This Sussex Life
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This Sussex Life

“Turning off lights is fine, but it’s not enough”

Climate activist Sebastien Kaye, who is in his final year studying for a BA in Human Geography and International Development at the University of Sussex, says governments have to take more responsibility to mitigate climate change.

Sebastien Kaye (Photo by Ioanna Hadjicosta)

I was lucky enough to have a philosophy teacher in school who linked philosophy to climate change and the existential issues that come with environmental degradation. Through that I became quite passionately involved with climate activism.

I grew up in Brussels and have dual nationality. My Dad’s English and works as a civil servant. My Mum, who’s French, is a therapist. Being on the doorstep of EU institutions gave the youth-based climate group that I was at the forefront of opportunities to actually try to put pressure on the EU politicians.

I met Miguel Canete, the European Commissioner for Climate Action and Energy, to try to push him on issues of great transparency when it comes to emission reductions and the various ways carbon budgets are talked about in climate change policy.

I chose Sussex because of its active student engagement and its level of political awareness of environmental degradation. I think that’s notably because Caroline Lucas is the Green MP here. I believe I’ve played a role in fostering that appetite by creating a society called Climate Action Movement (CAM).

CAM has become a locus of youth-based climate activism in both the practical and theoretical sense. We don’t just do things, we provide a space for students to present ideas and to think critically about salient environmental discourses and identify their limitations in order to overcome them.

I also I volunteer for and am a trustee of Plan B Earth, which is a charity focused on holding the British government to account for climate harms. We have filed two lawsuits against the government. The first, which was unsuccessful for various reasons unfortunately, was to compel the government to rectify their 2008 climate change act to comply with the commitments as laid out in the Paris Agreement of 2015. That lawsuit was about identifying the very simple contradiction between the political symbolism of signing up to the Paris Agreement and the political reality of not actually reducing emissions in accordance to it.

The other lawsuit is concerned with blocking the building of a third runway at Heathrow. We are one of several claimants. Heathrow’s expansion is a very contentious issue, although it had overwhelming cross-party support in a vote for it last summer. If we are successful it will send a message to parliament and to the executive about the power we have as citizens to hold them to account through the judiciary, and also to get them to start taking climate change seriously.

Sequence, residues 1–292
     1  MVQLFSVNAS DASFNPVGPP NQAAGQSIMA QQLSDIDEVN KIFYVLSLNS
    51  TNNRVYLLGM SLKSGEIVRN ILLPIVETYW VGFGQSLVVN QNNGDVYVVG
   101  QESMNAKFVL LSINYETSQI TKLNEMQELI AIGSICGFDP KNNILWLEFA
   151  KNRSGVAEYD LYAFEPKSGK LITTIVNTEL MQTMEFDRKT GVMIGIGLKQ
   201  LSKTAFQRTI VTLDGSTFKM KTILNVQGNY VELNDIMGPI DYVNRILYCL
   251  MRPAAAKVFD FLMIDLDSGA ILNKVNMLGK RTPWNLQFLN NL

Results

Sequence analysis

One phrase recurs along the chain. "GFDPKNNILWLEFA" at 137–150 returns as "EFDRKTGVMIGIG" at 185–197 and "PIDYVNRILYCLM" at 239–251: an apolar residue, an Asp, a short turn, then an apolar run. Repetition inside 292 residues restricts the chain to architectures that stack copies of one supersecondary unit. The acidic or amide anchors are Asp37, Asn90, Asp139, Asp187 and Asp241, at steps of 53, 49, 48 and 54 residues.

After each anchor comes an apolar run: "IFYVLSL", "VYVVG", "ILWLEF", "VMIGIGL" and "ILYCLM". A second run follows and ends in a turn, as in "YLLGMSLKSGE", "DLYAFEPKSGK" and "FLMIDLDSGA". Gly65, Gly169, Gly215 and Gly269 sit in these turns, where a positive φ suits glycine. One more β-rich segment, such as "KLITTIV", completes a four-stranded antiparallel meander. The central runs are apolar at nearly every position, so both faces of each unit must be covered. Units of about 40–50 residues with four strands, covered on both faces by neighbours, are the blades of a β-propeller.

Tweaking our lifestyle choices, like turning off lights… those things are fine, but they don’t go far enough. Everyone really knows that now. If anything I feel empowered by being part of an organisation and with friends and colleagues who are holding the government to account.

It’s obviously mind-warpingly difficult to deal with such an existential problem. And that’s not helped by the fact that older generations, or the political sphere, seem to prioritise the laws of the economy over the laws of physics.

The question isn’t can climate change be stopped, it’s to what level we can limit the destruction. It’s already here and poses a very existential problem to my generation, to future generations and to older people alive today. The 40-year-olds alive today will be the 80-year-olds tomorrow. Various people in important political positions are in their 40s, such as the French president Emmanuel Macron. We all know that heatwaves and other hazards that are consequences of climate change dramatically affect elderly people.

Something interesting is happening in the States. It’s being called the Green New Deal and it seeks to bring about sweeping infrastructure and policy changes that can lead us to a far more carbon-neutral economy. It’s the creation of a political space that would allow policy proposals to be implemented down the road. Obviously it’s good if you lead your life with a low carbon footprint. But I would rather green the political sphere.

It certainly is interesting to look at why climate change has taken off in the last six months or so, with protests on local, national and global levels. For the first time it seems that concern for climate change has a broad base of people who aren’t just your traditional fist-waving students or hippy climate activists.

I have loved being in a university campus environment which is in the Downs. It was on my doorstep and having that access to the surrounding environment has been a real pleasure. I do a lot of walking. I feel a little bit embarrassed to admit that I didn’t take as much advantage of the Downs as I should have, but I’m going to make the most of it before Ileave Brighton to go to Oxford to do an Msc in Nature, Society and Environmental Governance.

Sebastien will be taking part in The Exchange debate ‘Can Veganism Save the Planet’ at the University of Sussex on 21 February at the Attenborough Centre for the Creative Arts.

Interview by Jacqui Bealing

This profile is part of our This Sussex Life series.

Visit the University of Sussex website.



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University of Sussex

University of Sussex

The University of Sussex was the first of the new wave of UK universities founded in the 1960s and we now have world-leading research across all our schools.